The abrupt onset of neurological deficit requires an emergency MRI. The characteristics of medullar infarcts are similar to those of cerebral infarcts. In the acute phase, the medullar infarct can go unnoticed because the lesion is iso-intense in T1 sequences, and the T2 hyperactivity is detectable only from the 6th hour . A few days to a few weeks after the onset, the edema worsens and leads to the appearance of a hypo-signal in T1-weighted sequences, and a frank hyper-signal with an increase in the caliber of the marrow on the sagittal sections  and axial lesions centered on the lesion. These same neuro-radiological lesions (MRI) were observed in our patient with the exception of the increase in the size of the spinal cord.
Most medullar infarcts are the result of a condition affecting a large or medium-sized artery, usually the aorta. They are much more rarely due to an embolism or an intrinsic affection of the small intra-medullar arteries. Despite the progress of the methods of investigation, it is common not to identify a cause. This is the case in our patient where no cause has been identified.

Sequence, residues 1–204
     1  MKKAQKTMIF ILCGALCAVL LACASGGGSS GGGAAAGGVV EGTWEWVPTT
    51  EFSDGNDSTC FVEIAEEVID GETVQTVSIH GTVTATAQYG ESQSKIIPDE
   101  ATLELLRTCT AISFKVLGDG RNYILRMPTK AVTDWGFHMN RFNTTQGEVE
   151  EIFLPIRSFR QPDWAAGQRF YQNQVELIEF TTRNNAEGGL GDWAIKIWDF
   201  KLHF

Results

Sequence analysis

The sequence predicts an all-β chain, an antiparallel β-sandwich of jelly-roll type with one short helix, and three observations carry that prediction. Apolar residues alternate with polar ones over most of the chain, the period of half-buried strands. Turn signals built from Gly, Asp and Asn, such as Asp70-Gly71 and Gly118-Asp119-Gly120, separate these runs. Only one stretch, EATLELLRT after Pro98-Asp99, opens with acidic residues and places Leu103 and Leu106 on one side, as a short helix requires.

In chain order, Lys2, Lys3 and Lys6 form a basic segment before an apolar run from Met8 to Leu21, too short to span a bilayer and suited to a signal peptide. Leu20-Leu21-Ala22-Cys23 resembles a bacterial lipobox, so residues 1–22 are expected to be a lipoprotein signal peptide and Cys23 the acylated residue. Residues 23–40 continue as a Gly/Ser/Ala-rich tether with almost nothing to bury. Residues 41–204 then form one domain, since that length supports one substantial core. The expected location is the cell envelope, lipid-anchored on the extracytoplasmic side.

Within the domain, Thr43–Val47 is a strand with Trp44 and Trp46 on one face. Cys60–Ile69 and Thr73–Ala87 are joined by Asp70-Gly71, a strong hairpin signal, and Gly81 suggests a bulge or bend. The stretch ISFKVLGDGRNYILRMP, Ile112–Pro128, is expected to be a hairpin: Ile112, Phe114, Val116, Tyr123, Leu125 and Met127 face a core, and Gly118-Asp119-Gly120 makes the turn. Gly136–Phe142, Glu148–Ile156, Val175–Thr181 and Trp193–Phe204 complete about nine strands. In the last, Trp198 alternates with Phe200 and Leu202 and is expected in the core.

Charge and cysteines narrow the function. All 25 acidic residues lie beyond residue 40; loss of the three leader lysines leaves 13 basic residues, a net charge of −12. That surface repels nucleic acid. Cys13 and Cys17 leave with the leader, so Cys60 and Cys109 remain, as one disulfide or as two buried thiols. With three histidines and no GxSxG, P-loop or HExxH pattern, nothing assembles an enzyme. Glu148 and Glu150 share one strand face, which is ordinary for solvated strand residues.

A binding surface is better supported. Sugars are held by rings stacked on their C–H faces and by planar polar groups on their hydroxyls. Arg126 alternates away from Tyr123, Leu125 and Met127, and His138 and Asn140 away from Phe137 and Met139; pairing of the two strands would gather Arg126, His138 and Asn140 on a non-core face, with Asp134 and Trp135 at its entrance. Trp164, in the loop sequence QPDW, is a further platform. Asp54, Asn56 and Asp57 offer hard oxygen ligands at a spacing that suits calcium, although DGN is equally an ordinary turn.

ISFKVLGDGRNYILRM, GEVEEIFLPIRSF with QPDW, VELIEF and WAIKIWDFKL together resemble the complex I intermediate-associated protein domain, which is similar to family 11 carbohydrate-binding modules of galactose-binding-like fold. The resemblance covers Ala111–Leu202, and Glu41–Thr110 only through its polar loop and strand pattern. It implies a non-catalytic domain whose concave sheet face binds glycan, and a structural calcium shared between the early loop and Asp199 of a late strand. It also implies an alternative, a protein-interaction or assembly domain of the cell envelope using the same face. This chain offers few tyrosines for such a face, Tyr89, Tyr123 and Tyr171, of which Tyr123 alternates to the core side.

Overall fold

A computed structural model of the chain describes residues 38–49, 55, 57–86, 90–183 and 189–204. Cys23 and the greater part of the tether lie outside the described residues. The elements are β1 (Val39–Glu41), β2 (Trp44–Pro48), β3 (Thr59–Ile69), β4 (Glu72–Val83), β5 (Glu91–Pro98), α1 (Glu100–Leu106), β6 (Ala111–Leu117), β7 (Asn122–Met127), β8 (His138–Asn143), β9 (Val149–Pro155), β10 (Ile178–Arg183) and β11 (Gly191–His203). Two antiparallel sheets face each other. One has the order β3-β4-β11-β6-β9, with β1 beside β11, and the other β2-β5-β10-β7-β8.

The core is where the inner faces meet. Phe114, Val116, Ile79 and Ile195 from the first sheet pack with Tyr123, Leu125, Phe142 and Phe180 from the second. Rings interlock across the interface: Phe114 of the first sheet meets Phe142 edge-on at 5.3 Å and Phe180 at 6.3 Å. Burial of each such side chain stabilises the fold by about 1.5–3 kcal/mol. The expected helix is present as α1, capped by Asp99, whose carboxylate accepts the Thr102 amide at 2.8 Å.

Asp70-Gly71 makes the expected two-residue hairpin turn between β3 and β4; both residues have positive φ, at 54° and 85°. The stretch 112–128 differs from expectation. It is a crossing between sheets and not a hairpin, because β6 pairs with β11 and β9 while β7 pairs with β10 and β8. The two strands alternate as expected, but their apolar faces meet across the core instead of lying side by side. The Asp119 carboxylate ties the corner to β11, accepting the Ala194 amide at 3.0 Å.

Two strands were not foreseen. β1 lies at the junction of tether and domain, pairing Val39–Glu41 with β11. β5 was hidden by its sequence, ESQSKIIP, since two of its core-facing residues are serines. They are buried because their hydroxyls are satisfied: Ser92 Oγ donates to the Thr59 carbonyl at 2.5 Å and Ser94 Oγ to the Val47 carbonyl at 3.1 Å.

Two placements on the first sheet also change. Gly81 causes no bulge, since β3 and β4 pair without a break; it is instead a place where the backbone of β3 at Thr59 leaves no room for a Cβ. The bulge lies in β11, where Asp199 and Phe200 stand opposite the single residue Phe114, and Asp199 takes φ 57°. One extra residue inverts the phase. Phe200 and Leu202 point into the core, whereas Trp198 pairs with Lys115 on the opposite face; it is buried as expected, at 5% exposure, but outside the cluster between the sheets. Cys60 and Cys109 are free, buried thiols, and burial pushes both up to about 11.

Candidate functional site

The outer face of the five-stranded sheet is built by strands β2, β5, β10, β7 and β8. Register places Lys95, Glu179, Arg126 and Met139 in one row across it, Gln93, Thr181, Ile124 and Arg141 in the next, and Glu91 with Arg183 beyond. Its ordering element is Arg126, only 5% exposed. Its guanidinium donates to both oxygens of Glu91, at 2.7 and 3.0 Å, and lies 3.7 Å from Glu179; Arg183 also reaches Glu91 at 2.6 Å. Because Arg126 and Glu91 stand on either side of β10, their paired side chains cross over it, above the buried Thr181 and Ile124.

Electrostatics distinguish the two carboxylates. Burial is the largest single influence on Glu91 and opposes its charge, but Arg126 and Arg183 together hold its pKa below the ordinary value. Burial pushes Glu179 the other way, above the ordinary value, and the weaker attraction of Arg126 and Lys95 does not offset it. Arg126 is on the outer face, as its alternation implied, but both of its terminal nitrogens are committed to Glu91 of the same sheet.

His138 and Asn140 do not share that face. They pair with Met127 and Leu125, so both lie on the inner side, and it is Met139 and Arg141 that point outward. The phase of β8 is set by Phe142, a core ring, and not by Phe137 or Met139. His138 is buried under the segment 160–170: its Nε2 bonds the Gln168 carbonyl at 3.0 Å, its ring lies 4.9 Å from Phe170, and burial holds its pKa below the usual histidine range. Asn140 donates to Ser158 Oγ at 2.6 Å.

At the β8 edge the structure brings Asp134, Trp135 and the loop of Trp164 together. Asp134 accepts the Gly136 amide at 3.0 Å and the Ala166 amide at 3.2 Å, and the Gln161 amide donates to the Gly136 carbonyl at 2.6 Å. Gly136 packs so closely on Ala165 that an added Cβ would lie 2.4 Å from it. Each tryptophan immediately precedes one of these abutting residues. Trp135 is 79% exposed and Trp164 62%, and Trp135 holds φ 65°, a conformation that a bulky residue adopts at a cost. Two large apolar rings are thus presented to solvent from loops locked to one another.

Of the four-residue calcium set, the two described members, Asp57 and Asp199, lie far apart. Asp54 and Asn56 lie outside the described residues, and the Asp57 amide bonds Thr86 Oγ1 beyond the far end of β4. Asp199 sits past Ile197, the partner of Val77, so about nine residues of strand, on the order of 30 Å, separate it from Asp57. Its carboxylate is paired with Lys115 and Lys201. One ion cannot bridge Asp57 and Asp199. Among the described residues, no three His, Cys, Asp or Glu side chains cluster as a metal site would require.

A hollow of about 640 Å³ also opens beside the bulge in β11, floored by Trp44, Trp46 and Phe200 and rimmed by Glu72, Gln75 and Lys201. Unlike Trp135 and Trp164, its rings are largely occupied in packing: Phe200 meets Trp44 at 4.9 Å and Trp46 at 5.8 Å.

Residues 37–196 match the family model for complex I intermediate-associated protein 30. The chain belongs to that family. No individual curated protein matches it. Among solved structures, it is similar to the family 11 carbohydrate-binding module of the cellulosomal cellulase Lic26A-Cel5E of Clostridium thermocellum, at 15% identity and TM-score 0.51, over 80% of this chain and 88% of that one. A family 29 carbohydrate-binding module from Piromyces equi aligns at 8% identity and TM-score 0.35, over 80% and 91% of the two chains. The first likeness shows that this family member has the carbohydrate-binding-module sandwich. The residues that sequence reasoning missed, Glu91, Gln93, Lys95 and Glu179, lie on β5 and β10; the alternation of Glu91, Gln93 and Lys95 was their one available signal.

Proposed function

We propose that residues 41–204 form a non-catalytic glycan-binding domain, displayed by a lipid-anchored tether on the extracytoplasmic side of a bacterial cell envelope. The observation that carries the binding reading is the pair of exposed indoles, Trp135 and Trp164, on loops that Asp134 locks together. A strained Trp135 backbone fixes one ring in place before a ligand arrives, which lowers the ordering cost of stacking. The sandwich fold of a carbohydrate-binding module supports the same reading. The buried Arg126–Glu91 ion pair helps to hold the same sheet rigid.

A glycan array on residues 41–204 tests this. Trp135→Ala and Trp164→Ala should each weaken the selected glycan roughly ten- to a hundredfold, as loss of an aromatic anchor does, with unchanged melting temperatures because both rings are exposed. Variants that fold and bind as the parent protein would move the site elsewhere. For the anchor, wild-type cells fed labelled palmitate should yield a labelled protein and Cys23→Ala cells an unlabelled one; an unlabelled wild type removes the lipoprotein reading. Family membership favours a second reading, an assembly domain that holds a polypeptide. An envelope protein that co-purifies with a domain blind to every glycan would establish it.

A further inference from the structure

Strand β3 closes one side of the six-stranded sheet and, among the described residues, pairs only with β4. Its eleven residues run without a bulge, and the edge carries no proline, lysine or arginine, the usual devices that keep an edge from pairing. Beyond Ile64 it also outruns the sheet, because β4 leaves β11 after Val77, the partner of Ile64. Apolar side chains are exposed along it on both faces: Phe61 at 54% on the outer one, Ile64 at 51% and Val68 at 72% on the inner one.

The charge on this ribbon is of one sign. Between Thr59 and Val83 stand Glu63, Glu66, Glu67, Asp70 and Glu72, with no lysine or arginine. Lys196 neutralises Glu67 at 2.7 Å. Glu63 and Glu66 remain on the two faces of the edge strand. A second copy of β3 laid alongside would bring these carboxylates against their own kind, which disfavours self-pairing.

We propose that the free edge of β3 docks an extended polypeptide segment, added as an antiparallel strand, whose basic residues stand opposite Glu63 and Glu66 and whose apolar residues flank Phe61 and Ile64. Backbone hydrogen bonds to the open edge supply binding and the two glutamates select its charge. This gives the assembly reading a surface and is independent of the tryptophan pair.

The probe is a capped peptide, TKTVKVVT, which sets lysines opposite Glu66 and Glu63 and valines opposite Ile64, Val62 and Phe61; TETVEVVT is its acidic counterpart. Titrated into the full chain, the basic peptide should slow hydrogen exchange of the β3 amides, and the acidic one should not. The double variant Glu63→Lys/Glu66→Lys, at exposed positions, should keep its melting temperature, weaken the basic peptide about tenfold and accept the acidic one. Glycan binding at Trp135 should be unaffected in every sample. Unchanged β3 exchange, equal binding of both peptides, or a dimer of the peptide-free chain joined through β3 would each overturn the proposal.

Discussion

Independently of the treatment of the cause, the treatment of the medullar infarcts is symptomatic: the rehabilitation is the base of the treatment. No treatment has been tested to date. The Heparin is usually recommended, if only to reduce the extent of venous thrombosis .
The prognosis of medullar infarcts remains severe. The acute mortality is about 20% and severe squeal are present in 50% to 60% of patients . In contrast, the evolution was favorable in our patient with good motor recovery.
The cerebral infarction remains rare. The diagnosis is based on a cluster of clinical (abrupt symptomatology) and neuro-radiological (medullar MRI) which has revolutionized the diagnosis. The etiologies are multiple and the early care is at first symptomatic in order to improve the functional prognosis.